It’s mid-November and the year is showing its age. Leaves clog the drains around the house now and the heating boiler had to be coaxed into life again with some deft hammer blows to the pump housing and a liberal stream of expletives. We were blessed with an unusually calm period of high pressure during October but now the wind has veered westerly and the rain has started to fall in earnest. Just like people, years grow cantankerous as they age.
It’s the same every year, we moan about the terrible weather like it is some great surprise. I regard this is as more evidence of our disconnect with nature as western society leans ever more heavily on technology and less on grounding with the earth. Here in Ireland we live in a blessed corner of the planet where extremes of weather, significant geological events and the effects of global change are just items on the news. We pay more attention to what the female weather forecasters wear than the complexities of the weather they report. Our ancestors could read the patterns of weather and planned their lives around the changes. The cycles of crop planting, growth, harvesting and storage could decide if you had food to eat or you and your family went hungry. The migration of fish and animals and the climatic triggers for these annual movements were necessary skills for hunters. We modern humans have largely lost these skills which took countless years to learn.
The strong winds (by Irish standards) have stripped the dying foliage from the trees, giving the land a stark, lonely appearance. Fields are waterlogged and the drains which were dry only last week are now filled with running water. The rivers foam and froth as the brown surge heads seawards. Our future hopes are now pinned on the salmon who have made it to the spawning beds. High water is good in terms of allowing the fish to travel upstream more easily but continued high water can wash out new redds, destroying the eggs inside.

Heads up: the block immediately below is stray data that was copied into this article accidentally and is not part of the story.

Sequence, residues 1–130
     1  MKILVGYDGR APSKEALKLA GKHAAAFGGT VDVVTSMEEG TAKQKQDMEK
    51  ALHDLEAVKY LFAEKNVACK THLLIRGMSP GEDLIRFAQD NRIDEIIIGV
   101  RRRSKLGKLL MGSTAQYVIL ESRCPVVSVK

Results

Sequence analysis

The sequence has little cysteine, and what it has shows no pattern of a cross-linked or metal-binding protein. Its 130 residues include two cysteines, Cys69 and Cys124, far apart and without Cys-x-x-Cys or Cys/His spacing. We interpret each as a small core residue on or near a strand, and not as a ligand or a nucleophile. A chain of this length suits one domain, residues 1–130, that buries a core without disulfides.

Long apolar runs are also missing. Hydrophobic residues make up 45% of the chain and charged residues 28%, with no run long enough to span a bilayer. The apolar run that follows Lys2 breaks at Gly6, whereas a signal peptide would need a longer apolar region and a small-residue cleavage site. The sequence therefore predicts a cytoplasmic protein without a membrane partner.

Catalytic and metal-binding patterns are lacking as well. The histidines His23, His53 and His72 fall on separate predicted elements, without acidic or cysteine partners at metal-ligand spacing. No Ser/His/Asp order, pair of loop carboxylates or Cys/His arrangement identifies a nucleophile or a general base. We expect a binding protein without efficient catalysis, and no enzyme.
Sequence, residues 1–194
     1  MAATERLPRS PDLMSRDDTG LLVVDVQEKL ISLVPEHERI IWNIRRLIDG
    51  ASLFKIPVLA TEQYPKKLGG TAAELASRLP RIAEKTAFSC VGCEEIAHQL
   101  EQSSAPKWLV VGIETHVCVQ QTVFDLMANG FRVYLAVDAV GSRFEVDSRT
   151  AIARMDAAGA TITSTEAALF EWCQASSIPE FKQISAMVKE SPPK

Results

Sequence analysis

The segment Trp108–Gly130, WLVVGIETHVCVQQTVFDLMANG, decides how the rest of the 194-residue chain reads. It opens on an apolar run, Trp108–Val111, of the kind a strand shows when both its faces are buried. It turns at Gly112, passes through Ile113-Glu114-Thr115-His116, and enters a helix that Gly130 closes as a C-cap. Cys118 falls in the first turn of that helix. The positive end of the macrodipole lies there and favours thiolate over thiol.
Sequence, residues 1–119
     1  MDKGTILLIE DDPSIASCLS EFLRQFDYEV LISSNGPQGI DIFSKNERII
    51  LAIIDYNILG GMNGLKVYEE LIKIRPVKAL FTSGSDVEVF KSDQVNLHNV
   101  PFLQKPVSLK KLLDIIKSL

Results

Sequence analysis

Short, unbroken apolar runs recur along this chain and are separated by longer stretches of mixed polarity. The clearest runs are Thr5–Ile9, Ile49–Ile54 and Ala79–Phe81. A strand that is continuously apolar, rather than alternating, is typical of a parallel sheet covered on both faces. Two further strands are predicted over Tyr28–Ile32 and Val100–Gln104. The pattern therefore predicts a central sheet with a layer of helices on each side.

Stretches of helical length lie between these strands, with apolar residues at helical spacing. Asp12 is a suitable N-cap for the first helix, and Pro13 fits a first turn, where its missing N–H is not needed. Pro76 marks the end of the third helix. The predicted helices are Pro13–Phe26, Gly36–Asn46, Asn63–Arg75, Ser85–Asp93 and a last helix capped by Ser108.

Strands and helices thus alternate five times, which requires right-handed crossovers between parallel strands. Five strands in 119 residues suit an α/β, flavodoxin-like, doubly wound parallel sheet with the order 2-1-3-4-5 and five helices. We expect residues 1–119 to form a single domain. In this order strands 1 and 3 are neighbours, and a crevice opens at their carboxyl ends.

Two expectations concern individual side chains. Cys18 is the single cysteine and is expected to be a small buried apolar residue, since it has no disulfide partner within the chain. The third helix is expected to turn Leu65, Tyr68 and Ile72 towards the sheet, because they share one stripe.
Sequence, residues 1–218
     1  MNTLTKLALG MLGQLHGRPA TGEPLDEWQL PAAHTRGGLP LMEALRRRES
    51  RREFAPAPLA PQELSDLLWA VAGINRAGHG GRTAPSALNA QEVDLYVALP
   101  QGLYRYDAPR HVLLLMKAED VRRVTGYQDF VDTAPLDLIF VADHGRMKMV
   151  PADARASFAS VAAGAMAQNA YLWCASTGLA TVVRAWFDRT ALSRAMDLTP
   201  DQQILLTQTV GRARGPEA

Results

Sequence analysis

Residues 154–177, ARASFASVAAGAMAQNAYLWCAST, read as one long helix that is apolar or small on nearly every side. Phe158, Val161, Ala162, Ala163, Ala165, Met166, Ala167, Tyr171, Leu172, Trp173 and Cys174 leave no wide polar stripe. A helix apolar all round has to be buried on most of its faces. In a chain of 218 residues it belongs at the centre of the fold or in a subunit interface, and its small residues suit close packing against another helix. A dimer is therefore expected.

The Dee at Cairnton
I have read with interest the final river reports for 2015 from the major Scottish rivers. In general it made for pretty depressing reading with the beautiful River Dee having suffered an especially awful year (catches were roughly 75% below the 5 year average). Every beat complained about the lack of fish. None were seen, let alone caught, so the presumption was there would be very little spawning activity. However, before the water rose, making redd counting impossible, there seemed to be a healthy number of spawning stock in the headwaters. It is hard to reconcile this difference but let’s hope the river can stage a recovery.
The Tay had a good enough season but the same cannot be said for the Tweed. Although it is still open, the numbers of fish landed is well below expected levels and the excuse of low water which blighted the 2015 season is only a small factor. The huge, deep pools of the lower Tweed can hold a big stock of salmon if they are there but the lower beats did not reap the reward you would expect in low water.
The Tay at Catholes
On a more positive note, the River Spey had a wonderful year. That boisterous, challenging and technically difficult river produced the best season for some years. It just goes to show that salmon will forever confound us mere humans.
The rain is lashing down outside again. Nessie looks up at me in a clear attempt to persuade me to take her for a walk but she knows we will both have to wait for a gap in the showers before venturing out. There is a cycle to most things, and walking the dog is no different. For now, I am going to spend an hour at the vice making some trout flies for the next season.